Germany for Christmas?
October 7, 2018 3:44 PM   Subscribe

My wife and I are planning on a vacation for Christmas this year and we were leaning towards Germany. Does Germany shut down for Christmas? We're planning on being there from ~ Dec 20 - Jan 2.

We're currently living in LA so visiting snow seems like a good idea. I w as thinking of Berlin for a few days and Munich for a few days. Should we spend Christmas in one over the other? Is everything going to be closed and we should go somewhere else? If not what should we do? We love beer and theatre and my wife wants to go to a ballet. Will Dachau be closed? We've never been to Europe and I think we settled on Germany because I'm very interested in being reminded that there can be a civil society after fascism.
posted by Uncle to Travel & Transportation around Germany (10 answers total) 3 users marked this as a favorite
Best answer: Berlin is probably better than Munich for the actual Christmas evening and day, and day after. Berlin is more liberal and less religious than Munich and is likely to have more eating-out and entertainment options during the holidays. There will be hotel lunches and dinners both places and more beautiful masses and other religious celebrations in Munich, including Christmas concerts.
Theatre is amazing in Berlin. I've found it worth going even back when my German was fragmentary. The acting is that good.
Generally the season is fun in Germany, with Christmas Markets and decorations all over the place. There are very few closing days. And snow is far from guaranteed either place (though you could take a couple of days in the Alps very easily from Munich). It will be a great holiday regardless.
Dachau is closed on Christmas Eve.
Maybe you can get reservations for the Nutcracker at the Staatsoper either in Berlin or Munich. It's a Christmas tradition! But you probably have to run to their sites right now. (Search for Der Nussknacker)
Regarding your political interests, I've heard the situation in Munich is quite tense these days, because the Alternative für Deutschland are gaining votes. I don't think it would be something felt by visitors, though, unless you go looking for it. They are keeping a low profile because the Antifa are hunting them down relentlessly, according to what I read.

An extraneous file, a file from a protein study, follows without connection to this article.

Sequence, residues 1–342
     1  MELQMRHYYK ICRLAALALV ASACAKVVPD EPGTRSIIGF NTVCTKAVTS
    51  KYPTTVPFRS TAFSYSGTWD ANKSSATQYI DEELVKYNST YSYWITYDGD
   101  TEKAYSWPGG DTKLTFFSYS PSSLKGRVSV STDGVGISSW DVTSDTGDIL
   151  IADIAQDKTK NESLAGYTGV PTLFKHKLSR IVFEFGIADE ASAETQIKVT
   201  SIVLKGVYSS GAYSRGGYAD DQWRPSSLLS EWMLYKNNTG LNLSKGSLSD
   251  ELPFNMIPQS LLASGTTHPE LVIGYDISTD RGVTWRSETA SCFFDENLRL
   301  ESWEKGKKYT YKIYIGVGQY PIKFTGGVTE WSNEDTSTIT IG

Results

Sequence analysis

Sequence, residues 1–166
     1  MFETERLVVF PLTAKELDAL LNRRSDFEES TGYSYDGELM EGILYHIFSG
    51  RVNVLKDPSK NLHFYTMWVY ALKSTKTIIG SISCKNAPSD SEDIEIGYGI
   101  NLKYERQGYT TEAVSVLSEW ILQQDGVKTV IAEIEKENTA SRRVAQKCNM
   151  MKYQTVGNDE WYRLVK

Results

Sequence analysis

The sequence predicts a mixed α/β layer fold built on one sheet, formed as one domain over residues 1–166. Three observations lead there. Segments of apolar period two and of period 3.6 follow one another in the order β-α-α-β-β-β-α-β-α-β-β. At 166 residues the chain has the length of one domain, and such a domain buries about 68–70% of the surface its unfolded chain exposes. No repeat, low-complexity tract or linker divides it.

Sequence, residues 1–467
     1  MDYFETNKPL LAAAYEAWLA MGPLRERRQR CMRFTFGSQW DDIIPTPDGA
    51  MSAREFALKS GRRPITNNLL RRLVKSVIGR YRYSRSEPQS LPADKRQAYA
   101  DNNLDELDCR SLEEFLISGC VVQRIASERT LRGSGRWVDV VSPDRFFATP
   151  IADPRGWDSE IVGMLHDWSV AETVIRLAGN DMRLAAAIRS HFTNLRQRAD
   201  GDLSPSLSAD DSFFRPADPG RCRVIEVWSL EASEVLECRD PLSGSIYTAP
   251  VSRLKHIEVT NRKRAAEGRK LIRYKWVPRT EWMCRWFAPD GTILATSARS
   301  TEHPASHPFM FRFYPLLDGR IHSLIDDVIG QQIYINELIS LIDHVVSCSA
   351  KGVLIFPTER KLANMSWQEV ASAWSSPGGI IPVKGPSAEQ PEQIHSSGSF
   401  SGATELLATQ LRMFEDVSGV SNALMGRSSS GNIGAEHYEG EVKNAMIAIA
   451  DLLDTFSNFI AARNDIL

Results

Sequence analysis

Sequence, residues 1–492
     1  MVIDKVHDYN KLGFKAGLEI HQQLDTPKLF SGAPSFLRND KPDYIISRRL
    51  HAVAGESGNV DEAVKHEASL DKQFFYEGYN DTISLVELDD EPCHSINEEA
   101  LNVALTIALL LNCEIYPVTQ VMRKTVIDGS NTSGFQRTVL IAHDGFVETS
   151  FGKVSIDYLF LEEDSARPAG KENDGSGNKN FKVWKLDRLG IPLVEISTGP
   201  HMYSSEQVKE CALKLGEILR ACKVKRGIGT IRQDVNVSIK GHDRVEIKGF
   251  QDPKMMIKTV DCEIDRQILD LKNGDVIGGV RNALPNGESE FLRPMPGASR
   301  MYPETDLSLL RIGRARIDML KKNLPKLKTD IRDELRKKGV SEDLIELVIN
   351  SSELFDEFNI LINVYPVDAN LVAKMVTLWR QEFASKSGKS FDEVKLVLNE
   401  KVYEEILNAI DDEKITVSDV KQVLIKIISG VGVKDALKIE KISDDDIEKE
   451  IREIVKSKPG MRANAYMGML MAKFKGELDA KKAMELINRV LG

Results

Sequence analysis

I was once in Germany all the time, including for Christmas, now it's less than once a year. But I still have contacts there and my daughter and some of her friends go more often than I do.
posted by mumimor at 4:19 PM on October 7, 2018 [2 favorites]

Definitely recommend Berlin for the start of your trip, with Munich at the end. Berlin is amazing for Christmas. It’s a fairly simple train ride between the two.

Visiting Dauchau concentration camp will be an all-day trip, so be sure to leave extra time if you’d like to fully explore Munich as well.

Many shops (supermarkets, etc) are closed on Sunday throughout Germany, so take that into account when planning.

Feel free to MeMail for recommendations/tips for Berlin. There are some amazing history museums there that you might like.
posted by Tiny Bungalow at 6:27 PM on October 7, 2018

Go to Munich at the beginning of the trip and visit the Christmas markets. They're absolutely amazing, but stop on the 24th.

Berlin will be much more fun for Christmas and afterwards.
posted by kdar at 7:27 PM on October 7, 2018

I've been in Berlin in the days leading up to Christmas, as well as the day after Christmas, and could not possibly recommend it more. Everyone else has much better knowledge of Munich and the Berlin theatre scene, but I can say that I didn't notice much shut down (I was able to go to museums, restaurants, etc. quite easily). The Christmas markets are a lot of fun, plan to eat your way through the one on Alexanderplatz especially! It's very cold, but I didn't much notice or mind, because the city is so interesting and fun and beautiful. (I am from the Northeast, though I'm not particularly cold-hardly.)

Honestly, Berlin at Christmas is a really special place, I definitely recommend spending at least part of your trip there.

By the way -- it's not obviously not Dachau, but in that vein I recommend visiting the Holocaust memorial (Memorial to the Murdered Jews of Europe) in Berlin.
posted by kalimac at 7:28 PM on October 7, 2018 [1 favorite]

Seconding/thirding/etc the Christmas markets, especially in Berlin and especially the one in Alexanderplatz (but note, I've only been to ones in Berlin). Really neat cross-section of people and culture in a beautiful setting with all the food and drink you could want.

Also, this: "We've never been to Europe and I think we settled on Germany because I'm very interested in being reminded that there can be a civil society after fascism."